Japanese submarine I-402

I-402, was one of three completed Sen Toku I-400 class submarine aircraft carriers of the Imperial Japanese Navy. These submarines were the largest built prior to nuclear submarine development. Each were able to carry three Aichi M6A Seiran floatplanes.

Name: I-402
Builder: Sasebo Naval Yard, Japan
Laid down: October 1943
Commissioned: 24 July 1945[1]
Fate: Scuttled, 1 April 1946
General characteristics
Class and type: I-400-class submarine
  • Surfaced : 5,223 long tons (5,307 t)
  • Submerged : 6,560 long tons (6,670 t)
Length: 122 m (400 ft)
Beam: 12.0 m (39.4 ft)
Draft: 7.0 m (23.0 ft)
  • Surfaced : 4 × diesel engines, 7,700 hp (5,742 kW)
  • Submerged : Electric motors, 2,400 hp (1,790 kW)
  • Surfaced : 18.75 knots (34.73 km/h; 21.58 mph)
  • Submerged : 6.5 knots (12.0 km/h; 7.5 mph)
Range: 37,500 nmi (69,400 km) at 14 kn (26 km/h; 16 mph)
Test depth: 100 m (330 ft)
Complement: 144 officers and men
Aircraft carried: 3 Aichi M6A1 Seiran seaplanes
Aviation facilities: Watertight aircraft hangar

In 1942, 18 of these vessels were planned intended for attacks on the eastern seaboard of the United States and the eastern locks of the Panama Canal. However after increased shipping losses and the rising scarcity of alloys, only five were expected to be built. By 1944, only three had been completed (I-400 at Kure, I-401 and I-402 at Sasebo).

Entering service late in the war, I-402 never saw combat and was captured by the US at the end of the war.


I-402 was powered by four 3,000 horsepower diesel engines. The massive I-400 class submarine displaced 6,500 tons and had an overall length of 400 feet compared to the most numerous IJN submarine type, the B1 which only displaced 2,584 tons and had a length of 356 feet. The most notable characteristic of the I-402 was its ability to carry three Aichi M6A Seiran seaplane dive bombers. I-402 had a figure-eight hull shape for additional strength to handle the on-deck hangar for housing the three aircraft. The wings of the Seiran folded back, the horizontal stabilizers folded down, and the top of the vertical stabilizer folded over so the overall forward profile of the aircraft was within the diameter of its propeller. The planes were launched from a 120-foot catapult on the deck of the giant submarine. In addition, it had four anti-aircraft guns and a 14 cm 40 caliber deck gun as well as a suitable complement of twenty Type 95 torpedoes for commerce raids.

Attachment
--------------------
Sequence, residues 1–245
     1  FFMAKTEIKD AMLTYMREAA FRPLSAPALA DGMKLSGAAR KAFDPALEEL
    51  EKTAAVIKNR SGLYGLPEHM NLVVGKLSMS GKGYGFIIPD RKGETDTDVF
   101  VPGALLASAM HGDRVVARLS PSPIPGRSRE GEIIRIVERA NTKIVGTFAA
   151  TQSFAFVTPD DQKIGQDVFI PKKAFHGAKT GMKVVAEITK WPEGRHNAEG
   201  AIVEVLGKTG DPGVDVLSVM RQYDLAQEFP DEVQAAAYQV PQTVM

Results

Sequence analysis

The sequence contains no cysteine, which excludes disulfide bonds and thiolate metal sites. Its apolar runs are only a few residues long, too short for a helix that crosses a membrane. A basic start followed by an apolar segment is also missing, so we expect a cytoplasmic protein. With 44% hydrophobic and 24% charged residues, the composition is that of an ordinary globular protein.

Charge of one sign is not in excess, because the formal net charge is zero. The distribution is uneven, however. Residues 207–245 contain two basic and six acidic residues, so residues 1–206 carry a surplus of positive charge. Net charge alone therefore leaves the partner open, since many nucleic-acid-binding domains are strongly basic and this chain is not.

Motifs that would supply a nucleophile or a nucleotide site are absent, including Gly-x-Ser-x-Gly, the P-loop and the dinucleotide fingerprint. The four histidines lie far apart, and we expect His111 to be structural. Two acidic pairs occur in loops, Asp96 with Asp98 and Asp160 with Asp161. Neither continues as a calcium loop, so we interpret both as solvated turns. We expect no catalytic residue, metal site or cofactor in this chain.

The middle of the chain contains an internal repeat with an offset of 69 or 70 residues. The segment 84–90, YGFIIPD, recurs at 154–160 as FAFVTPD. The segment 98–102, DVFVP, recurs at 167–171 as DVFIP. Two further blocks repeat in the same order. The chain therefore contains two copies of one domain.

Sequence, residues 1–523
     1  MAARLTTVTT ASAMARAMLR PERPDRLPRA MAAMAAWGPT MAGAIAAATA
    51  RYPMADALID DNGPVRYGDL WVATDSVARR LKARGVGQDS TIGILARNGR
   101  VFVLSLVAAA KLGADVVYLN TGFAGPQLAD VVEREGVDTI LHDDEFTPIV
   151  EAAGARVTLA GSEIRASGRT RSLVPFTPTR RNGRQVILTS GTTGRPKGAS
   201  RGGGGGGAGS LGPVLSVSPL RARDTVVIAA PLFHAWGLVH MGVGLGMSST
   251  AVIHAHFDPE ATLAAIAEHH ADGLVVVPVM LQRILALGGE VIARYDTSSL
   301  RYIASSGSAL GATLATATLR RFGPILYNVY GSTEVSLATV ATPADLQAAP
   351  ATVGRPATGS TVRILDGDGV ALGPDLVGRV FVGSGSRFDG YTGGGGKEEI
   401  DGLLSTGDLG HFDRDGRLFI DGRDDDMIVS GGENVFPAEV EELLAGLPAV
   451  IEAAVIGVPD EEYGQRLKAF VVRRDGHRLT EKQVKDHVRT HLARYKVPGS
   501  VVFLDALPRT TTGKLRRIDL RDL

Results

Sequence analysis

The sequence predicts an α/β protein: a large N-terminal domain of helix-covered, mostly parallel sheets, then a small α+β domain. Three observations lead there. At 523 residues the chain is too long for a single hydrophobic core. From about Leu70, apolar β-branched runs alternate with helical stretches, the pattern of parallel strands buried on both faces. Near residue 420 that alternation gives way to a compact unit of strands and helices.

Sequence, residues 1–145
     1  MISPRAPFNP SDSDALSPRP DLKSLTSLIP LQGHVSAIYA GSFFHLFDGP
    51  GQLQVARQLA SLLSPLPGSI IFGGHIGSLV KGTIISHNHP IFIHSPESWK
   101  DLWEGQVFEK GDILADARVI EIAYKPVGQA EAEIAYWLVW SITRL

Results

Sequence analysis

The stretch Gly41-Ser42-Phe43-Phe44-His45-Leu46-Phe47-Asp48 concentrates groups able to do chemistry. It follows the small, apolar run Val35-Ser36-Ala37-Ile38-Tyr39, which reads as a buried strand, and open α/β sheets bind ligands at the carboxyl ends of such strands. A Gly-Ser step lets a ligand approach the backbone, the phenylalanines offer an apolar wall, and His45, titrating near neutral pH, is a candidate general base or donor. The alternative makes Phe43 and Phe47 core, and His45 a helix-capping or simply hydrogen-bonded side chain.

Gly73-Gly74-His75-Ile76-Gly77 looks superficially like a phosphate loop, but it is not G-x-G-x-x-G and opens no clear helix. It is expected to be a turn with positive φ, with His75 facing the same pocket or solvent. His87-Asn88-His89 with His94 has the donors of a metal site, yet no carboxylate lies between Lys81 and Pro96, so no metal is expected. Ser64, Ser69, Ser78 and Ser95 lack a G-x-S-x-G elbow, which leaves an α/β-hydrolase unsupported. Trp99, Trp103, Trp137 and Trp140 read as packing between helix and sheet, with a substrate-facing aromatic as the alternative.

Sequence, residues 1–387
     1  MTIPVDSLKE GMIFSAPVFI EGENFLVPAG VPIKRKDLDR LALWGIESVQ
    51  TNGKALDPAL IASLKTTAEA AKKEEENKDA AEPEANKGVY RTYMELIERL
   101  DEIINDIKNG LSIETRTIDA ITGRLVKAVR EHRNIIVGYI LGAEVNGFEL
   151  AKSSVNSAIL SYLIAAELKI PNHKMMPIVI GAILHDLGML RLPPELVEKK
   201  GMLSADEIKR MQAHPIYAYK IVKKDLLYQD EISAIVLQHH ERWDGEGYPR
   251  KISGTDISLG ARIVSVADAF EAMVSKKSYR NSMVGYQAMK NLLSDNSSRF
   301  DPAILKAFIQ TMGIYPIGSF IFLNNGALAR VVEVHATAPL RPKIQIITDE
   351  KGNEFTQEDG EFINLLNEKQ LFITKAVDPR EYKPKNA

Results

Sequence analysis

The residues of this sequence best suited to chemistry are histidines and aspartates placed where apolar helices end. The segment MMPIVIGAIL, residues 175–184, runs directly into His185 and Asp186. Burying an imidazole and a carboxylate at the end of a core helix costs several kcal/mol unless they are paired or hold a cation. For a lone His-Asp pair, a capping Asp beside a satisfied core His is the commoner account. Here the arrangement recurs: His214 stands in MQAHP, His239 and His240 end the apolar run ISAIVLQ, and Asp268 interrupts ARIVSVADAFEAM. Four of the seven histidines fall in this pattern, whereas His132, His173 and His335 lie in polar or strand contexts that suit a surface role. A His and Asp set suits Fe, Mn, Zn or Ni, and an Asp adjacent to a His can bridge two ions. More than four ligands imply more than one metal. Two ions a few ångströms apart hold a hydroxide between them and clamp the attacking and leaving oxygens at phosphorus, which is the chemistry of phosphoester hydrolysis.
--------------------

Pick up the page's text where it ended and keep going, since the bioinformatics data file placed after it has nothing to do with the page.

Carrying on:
Post War Inspections

I-402 and her sister ships were captured by the United States Navy after the war. They were taken to Sasebo Bay for evaluation. While there, the Soviet Union planned to send inspectors to also study the unknown vessels. To keep the technology out of the hands of the Soviets, Operation Road's End was instituted. I-402 along with twenty other submarines were filled with C-2 explosive charges and scuttled off the Gotō Islands. In 2015, the precise location of the remains of 24 Japanese submarines, including I-402, was confirmed.[3]


  1. "World War II Database : Submarine I-402". ww2db.com. Retrieved 14 September 2010.
  2. Campbell, John Naval Weapons of World War Two ISBN 0-87021-459-4 p.191
  3. "24 scuttled Imperial Japanese Navy submarines found off Goto Islands". Japan Times. 8 August 2015. Retrieved 8 August 2015.

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